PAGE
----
On Saturday, Turkish Prime Minister, Islamist Tayyip Erdogan called for an immediate end to the most violent anti-government demonstrations seen in Turkey in many years, after two days in which thousands of protesters clashed with riot police in Istanbul and Ankara.
Thousands of protesters in Istanbul celebrated a victory as police gave up, for now, and withdrew from Taksim square. demonstrators shouted for the government to resign as riot police pulled back from the city’s central square.
Reuters reported that Turkish police fired teargas and water cannon on hundreds of demonstrators Friday and Saturday, to block their access to Istanbul’s central Taksim Square, where dozens of people have been injured this week – so much so that even Washington was expressing concern..
Anti-government demonstrators wearing handkerchiefs and surgical masks chanted “unite against fascism” and “government resign,” pushing their way to Taksim Square.
Images and videos coming out of Turkey depict a central Istanbul that has descended into chaos as police in riot gear and gas masks attempt to disperse a group of reportedly peaceful protesters with tear gas canister launchers, vehicle-mounted water cannons and other violent means, IBT reported. The decision to break up the protest came on the fourth day after hundreds set up an encampment associated with the Occupy movement in the Taksim Square Gezi Park.
The protest began at the Park late Monday, after trees were torn up in line with a government redevelopment plan for the area. The park, filled with sycamore trees, is the last large green space in downtown of Istanbul,
But as has been the case in other Muslim countries in recent years, what started as an environmental protest quickly ignited an all out demonstration against the authoritarianism of Prime Minister Tayyip Erdogan and his Islamist Justice and Development Party (AKP).
But before there was a protest against development plans, there was a ban on booze. In a surprise move last week, the Islamist government introduced a new law cracking down on the alcohol trade, banning the sale of drinks between 10 PM and 6 AM, and revoking the liquor licenses of restaurants situated close to near schools or mosques.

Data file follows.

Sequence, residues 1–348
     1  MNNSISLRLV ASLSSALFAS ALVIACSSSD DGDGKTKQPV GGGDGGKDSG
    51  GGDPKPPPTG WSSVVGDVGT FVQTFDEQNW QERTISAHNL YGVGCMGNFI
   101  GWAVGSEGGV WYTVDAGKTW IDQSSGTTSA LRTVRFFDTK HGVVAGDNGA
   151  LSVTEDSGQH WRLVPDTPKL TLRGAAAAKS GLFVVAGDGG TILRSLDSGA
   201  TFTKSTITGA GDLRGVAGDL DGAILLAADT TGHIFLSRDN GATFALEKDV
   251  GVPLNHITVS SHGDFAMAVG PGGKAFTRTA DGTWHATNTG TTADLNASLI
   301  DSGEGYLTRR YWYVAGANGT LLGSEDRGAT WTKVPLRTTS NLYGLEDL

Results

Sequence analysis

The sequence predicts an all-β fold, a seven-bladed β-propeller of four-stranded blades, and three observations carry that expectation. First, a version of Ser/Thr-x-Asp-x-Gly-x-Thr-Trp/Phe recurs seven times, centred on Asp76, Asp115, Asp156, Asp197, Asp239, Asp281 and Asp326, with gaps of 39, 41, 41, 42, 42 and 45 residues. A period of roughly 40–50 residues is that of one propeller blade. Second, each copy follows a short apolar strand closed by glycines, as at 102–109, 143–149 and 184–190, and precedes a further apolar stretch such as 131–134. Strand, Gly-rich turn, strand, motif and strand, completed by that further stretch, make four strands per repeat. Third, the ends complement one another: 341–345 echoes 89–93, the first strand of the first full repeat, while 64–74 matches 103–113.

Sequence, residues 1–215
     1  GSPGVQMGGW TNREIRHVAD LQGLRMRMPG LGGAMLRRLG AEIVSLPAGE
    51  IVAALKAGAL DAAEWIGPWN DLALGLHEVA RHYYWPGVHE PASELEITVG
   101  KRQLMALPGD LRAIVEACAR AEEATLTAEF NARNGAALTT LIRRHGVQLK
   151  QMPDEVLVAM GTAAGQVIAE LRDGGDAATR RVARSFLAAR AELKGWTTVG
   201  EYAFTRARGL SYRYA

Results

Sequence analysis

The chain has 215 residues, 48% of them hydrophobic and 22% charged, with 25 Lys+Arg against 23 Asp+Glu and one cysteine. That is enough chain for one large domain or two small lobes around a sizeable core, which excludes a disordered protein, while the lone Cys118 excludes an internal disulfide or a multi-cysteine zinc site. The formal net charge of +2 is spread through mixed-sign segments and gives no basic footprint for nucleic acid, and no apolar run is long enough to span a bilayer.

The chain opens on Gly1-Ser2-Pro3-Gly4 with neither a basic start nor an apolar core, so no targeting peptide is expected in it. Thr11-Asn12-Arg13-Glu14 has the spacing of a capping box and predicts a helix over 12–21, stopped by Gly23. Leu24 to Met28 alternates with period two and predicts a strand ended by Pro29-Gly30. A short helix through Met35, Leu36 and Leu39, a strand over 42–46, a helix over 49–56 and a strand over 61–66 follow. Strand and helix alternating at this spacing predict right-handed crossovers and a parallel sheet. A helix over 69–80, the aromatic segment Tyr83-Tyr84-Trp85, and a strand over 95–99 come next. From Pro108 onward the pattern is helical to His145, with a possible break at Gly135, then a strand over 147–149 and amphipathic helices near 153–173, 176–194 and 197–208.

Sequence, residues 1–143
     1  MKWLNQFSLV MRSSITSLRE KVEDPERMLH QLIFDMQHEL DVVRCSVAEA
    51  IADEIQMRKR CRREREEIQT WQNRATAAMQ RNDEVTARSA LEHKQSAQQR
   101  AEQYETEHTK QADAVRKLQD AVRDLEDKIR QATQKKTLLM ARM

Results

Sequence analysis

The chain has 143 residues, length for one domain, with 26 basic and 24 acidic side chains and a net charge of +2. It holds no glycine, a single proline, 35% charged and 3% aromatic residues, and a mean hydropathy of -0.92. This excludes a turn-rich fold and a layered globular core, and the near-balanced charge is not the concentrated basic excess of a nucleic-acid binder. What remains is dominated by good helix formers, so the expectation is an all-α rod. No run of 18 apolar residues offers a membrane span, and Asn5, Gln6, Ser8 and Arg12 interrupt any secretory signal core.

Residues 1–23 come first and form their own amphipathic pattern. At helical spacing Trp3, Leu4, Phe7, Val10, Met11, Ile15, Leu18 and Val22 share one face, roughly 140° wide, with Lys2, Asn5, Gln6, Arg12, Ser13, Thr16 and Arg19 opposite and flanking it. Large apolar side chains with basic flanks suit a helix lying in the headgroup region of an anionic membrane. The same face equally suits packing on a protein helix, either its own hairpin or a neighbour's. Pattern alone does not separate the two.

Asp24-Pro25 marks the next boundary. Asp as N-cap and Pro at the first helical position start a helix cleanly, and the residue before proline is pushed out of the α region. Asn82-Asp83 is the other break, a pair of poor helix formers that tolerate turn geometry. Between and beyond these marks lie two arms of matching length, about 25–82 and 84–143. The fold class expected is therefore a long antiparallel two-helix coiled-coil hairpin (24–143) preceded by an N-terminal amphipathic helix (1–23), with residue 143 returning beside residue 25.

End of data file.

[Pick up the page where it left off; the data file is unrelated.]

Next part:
The partial ban on alcoholic beverages came on Erdogan’s 11th year in office, and after 3 consecutive election victories. From his very first day in office, it was the mission of the Islamist party’s leader to allay the fears both of secular, urban Turks, and—more important—of the secular military, that he was not going to rule with an Islamist agenda.
Erdogan remains the most popular politician in Turkey’s recent history, and has been considered a primary ally of the United States. So much so, that newly elected President Barack Obama visited Ankara before any other place, back in 2009.
Slowly, over his years in office, Erdogan has been pushing a slow, but patient, elimination of Turkey’s strict ban on religion from all public domains, a separation characteristic of modern Turkey since its inception, following the demise of the Ottoman Empire.
Despite Erdogan’s attempt to describe himself as a “Muslim prime minister of a secular state,” in 2008, his majority AKP in parliament passed an amendment to the constitution allowing women to wear the headscarf in Turkish universities.
He talked about encouraging the emergence of a “pious generation,” that would embrace religion willingly, and become better human beings. The new ban on late-night sale of alcohol was also presented not as the enforcement of the Muslim prohibition on booze, but as an effort to stop young Turks from “wandering about in a state of inebriation.”
On Saturday night, meanwhile, Prime Minister Erdogan has admitted there may have been some cases of extreme police action.